During the 1947 season, Shotten was referred to as the interim manager.  Which, I am not positive, might be the longest interim period for any manager in major baseball history.  Burt ushered in the Jackie Robinson era, and breaking the color barrier while also leading his Dodgers to the World Series.


Durocher came back for 1948, but with a 35-37 record after 73 games.  He was dismissed and Shotten made yet another return.  “The Lip” moved over to the Coogan’s Bluff to manage the hated rival Giants.


The friendship between Shotten and Rickey most probably began in 1913.  That was the year that Branch began managing the St. Louis Browns.  Burt was already into his fourth season, third full time, and he had a decent season.  As a preeminent leadoff hitter of the time, He walked 99 times, stole 43 bases with a .297 batting average.  Shotten also garnered 14 votes for the Most Valuable Player that season.  Later he finished his playing career with Rickey and the St. Louis Cardinals.


After his playing career, Burt became a scout; this was followed by a stop in Syracuse to become a minor league manager.  He went on to manage the Phillies in 1928 finishing his baseball career as a coach in both Cincinnati and Cleveland.  His friend Branch was always supportive, so it was not a surprise when Brooklyn frantically needed a replacement manager, Rickey turned to Burt Shotten.


Shotten also went on to win the pennant for Brooklyn in 1949.


Branch Rickey had a similar relationship with another former player.  George Sisler played for Branch Rickey as a freshman at the University of Michigan, then for the St. Louis Browns.  Sisler would refer to Branch Rickey as  “Coach” for the rest of his life.  In 1939 he was elected to the Hall of Fame.  In 1942 the “Coach” hired Sisler to scout for the Brooklyn Dodgers.  One of his greatest contributions to the game of baseball was preparing Jackie Robinson to break the “color barrier.”  He also taught Jackie the finer points of playing first base.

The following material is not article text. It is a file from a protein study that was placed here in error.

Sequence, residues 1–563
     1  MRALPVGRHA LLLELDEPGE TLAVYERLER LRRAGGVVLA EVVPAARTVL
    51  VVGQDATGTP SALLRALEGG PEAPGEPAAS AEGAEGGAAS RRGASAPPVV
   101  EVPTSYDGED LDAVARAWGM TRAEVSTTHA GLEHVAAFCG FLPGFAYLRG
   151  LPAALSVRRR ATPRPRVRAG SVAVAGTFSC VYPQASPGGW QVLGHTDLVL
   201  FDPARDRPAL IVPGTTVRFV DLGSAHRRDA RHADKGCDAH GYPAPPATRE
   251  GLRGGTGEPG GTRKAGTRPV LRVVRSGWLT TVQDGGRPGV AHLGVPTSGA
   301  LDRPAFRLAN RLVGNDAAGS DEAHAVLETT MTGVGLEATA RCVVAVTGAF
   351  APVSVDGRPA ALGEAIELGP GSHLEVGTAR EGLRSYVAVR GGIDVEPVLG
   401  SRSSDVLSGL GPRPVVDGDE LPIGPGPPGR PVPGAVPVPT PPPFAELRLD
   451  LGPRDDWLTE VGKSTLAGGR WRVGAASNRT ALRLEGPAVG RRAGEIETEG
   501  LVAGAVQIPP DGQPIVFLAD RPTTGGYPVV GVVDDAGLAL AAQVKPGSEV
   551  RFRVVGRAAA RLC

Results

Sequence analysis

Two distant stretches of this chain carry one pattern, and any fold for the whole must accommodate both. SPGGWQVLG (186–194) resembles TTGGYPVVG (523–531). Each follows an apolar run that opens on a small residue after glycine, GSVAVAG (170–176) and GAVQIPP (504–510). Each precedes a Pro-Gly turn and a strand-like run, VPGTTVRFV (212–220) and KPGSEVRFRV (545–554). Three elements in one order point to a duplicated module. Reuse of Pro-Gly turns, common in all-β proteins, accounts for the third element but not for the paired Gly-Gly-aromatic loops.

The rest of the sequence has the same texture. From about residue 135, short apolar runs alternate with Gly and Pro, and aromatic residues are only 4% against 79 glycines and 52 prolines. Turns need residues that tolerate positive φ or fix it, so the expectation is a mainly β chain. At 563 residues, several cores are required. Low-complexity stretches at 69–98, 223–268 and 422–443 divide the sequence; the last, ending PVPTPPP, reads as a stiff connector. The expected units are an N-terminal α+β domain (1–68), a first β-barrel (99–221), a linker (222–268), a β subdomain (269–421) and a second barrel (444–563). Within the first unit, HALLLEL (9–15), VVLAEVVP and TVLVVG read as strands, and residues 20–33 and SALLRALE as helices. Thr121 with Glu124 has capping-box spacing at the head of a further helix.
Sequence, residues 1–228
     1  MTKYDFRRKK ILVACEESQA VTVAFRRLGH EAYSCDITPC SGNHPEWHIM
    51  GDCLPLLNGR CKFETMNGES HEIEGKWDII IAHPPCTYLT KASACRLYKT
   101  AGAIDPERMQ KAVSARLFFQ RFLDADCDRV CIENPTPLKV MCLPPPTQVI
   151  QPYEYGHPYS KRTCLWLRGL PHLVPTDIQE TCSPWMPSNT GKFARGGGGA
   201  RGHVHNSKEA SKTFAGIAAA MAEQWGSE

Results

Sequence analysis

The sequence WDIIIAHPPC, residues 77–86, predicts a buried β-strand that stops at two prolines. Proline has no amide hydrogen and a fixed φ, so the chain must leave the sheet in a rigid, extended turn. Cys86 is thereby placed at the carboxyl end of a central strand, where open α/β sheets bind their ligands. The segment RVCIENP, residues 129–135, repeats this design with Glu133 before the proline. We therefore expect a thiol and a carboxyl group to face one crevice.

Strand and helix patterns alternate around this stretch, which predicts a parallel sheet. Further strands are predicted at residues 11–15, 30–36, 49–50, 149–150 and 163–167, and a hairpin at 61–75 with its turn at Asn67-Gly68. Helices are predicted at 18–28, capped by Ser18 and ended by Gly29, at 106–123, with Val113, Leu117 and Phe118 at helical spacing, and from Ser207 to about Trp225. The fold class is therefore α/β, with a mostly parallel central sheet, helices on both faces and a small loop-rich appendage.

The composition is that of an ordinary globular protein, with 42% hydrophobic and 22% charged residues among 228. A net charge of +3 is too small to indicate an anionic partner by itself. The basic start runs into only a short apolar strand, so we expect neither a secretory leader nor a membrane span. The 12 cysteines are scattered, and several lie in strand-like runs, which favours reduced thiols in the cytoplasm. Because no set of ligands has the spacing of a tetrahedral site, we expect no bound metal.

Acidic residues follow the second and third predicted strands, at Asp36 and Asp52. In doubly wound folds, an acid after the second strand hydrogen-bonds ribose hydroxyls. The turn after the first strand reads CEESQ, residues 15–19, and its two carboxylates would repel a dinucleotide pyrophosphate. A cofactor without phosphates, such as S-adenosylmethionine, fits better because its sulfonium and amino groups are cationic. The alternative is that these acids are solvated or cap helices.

When Rickey moved onto Pittsburgh, Sisler joined him.  He stayed there after Rickey left.  During that period that he tutored Bill Mazeroski, and taught Roberto Clemente to keep his head still during his swing.


So it is not surprising that Rickey had two of his most trusted and former players for the special season of 1947.


In conclusion, those whose concern was measured by dollars nicknamed Rickey as “El Cheapo.”  Yet to those who admired his wisdom and teachings, he would forever be known as the “Mahatma!”







One Response to “Branch Rickey: Utmost Loyalty or Vehement Dislike”
  1. Jeff says:

    I was interested to see your take on the book. I’m up to 1940-1941 in the book and I happen to live by Ohio Wesleyan and share a birthday with Mr. Rickey. That being said I have learned quite a bit I didn’t know about him and many others that passed through his life up to where I’ve read so far. Like all of us, he’s a complex person and some of his beliefs seem in contradiction to his actions. I’m sure he could rationalize them though. I am enjoying this book and look forward to the rest of the story. I will say though that if he liked a person, he was very loyal and found jobs for many people, so despite Mr. Hornsby, who was not very well liked by anyone, I’ll bet Mr. Rickey did have quite a few people who would speak positively when asked about him.